Field trips for kids, field trips for kids … we are lucky to
have a fantastic theme park in town and to be driving distance from
several amazing kids’ museums.
Field trips for kids, field trips for kids … we are lucky to have a fantastic theme park in town and to be driving distance from several amazing kids’ museums. But recently a member of the Las Madres of Gilroy mothers’ group picked a much more unexpected place.
An organic vegetable farm.
Whoo hoo, kids, watch the corn grow! Seriously, I knew the trip would be an important and fascinating look at where our food comes from. Someone in my household pronounces vegetables “bench-tables” and I knew she was old enough to be curious about them.
Michele Marini explained why she selected the San Martin farm for a field trip: “The Dispatch ran an article on Ynot Organics, and I thought that it would be neat for the kids to see where our vegetables come from since this great little farm is literally in our backyard.”
Owner KT Brooks herded our large group (25 moms and kids) around the grounds, starting with the chicken coop where organic eggs meet the hay. The children happily touched the feathers of a bird KT held out for their exploration until it got antsy and she put it back in the coop. Vegetables AND chickens? Right on!
Then we toured the herb plot where she took a knife out to cut generous portions of sage, Italian parsley, cilantro and others, letting all of us inhale the fresh scents.
They smelled much more strongly than herbs that sit in supermarkets, tied in small bundles and losing their essence hour by hour.
As we walked across the lot to where lettuce grows, I was still carrying the dill that had been handed to me. It dawned on me that not only were we going to see firsthand where these vegetables grow: we were going to be able to take some home with us. Nice!
At each vegetable garden, KT pulled or cut produce for us to eat on the spot. Sweet, tiny grape tomatoes. A cucumber. Beets. It truly felt like sleight of hand to watch these wholesome vegetables emerge from the ground or vine.
Libby Kranz, heavily pregnant (due Aug. 27!) and there with her two older kids, joked as we walked past a row sporting striped watermelon: “They must think ‘What a weird way to store your produce!’ ” In other words, that it was sitting on the ground rather than in supermarket bins.
Said Marini, “The highlight of the trip for me was seeing the kids pull their own carrot out of the ground, as most probably had only seen carrots emerge from plastic bags out of our refrigerators.”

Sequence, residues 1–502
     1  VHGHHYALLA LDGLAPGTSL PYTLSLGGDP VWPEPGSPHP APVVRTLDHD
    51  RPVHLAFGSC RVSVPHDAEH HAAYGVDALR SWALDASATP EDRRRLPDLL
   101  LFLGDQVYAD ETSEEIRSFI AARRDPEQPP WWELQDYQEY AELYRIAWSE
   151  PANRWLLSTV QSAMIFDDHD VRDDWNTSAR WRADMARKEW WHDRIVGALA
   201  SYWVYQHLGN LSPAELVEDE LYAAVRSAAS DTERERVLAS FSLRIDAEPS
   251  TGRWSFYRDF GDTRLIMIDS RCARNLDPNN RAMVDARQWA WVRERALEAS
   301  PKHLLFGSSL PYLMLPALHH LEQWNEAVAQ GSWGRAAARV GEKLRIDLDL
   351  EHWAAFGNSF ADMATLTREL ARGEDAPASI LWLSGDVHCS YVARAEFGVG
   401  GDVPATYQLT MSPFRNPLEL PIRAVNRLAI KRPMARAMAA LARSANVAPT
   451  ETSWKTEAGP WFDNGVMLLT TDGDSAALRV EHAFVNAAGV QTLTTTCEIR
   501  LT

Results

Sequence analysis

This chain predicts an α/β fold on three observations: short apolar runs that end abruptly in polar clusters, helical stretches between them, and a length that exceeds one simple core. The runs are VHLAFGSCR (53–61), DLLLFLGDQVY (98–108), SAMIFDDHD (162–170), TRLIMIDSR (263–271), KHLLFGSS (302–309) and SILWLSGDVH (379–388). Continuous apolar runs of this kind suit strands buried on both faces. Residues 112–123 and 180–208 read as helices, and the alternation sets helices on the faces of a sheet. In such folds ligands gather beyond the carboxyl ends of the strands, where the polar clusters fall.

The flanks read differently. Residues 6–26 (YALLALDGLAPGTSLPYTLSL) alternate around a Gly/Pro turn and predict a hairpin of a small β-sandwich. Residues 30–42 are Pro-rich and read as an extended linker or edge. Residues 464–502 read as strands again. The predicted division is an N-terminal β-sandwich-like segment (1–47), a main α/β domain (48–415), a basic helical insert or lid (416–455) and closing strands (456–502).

I have to agree. There was true excitement as Brooks loosened the carrots with her trowel, and then the kids bent to heave them out of the ground. And what a surprise, some of the carrots were a lovely red in hue.
For me, the “aha” moment came when Brooks peeled an ear of corn and broke it apart for us to eat. I was thinking, “Yeah, right, raw corn. Yech.” And then I gamely bit into it and … wow. I emitted a sound of shock and pleasure combined, and Brooks laughed and said, “Everyone makes that sound.”
I can’t describe how creamy and delicious that ear was. Uncooked and without the dripping butter I usually prescribe, it was sweet beyond measure. I hungered for more than the 3-inch portion I’d been given, and resolved to buy some. Admittedly, it was “Kandy Korn,” a sweeter than usual variety, but still.
Brooks’ partner came out with a huge basket of bagged green beans for us all to take home. Such a wealth, as we left with herbs, carrots, and beets in hand, and more than that in our bellies. All that for a minimal cost spread across the families.
One of the mothers, Saman Jamal, invited us over for lunch, where she whipped up a lovely, simple pasta dish featuring parsley from the farm, with garlic, olive oil and red pepper. Delicious!
That night, I cut coins out of the red and orange carrots and the purple beet, and created a sunburst pattern on a sage-green plate. Another mom, Cara, said, “I made some roasted red potatoes with the fresh dill and steamed the green beans: they were super good! And Lily ate the carrot.” Amazing to eat food that hours ago was in the ground.
The best part of all: my daughter asked me when we could plant our own vegetables.
Erika Mailman is weeding her virtual garden at www.erikamailman.com. You can order
vegetables straight from Ynotorganics.com for home delivery or pick-up at Naomi’s Coffee in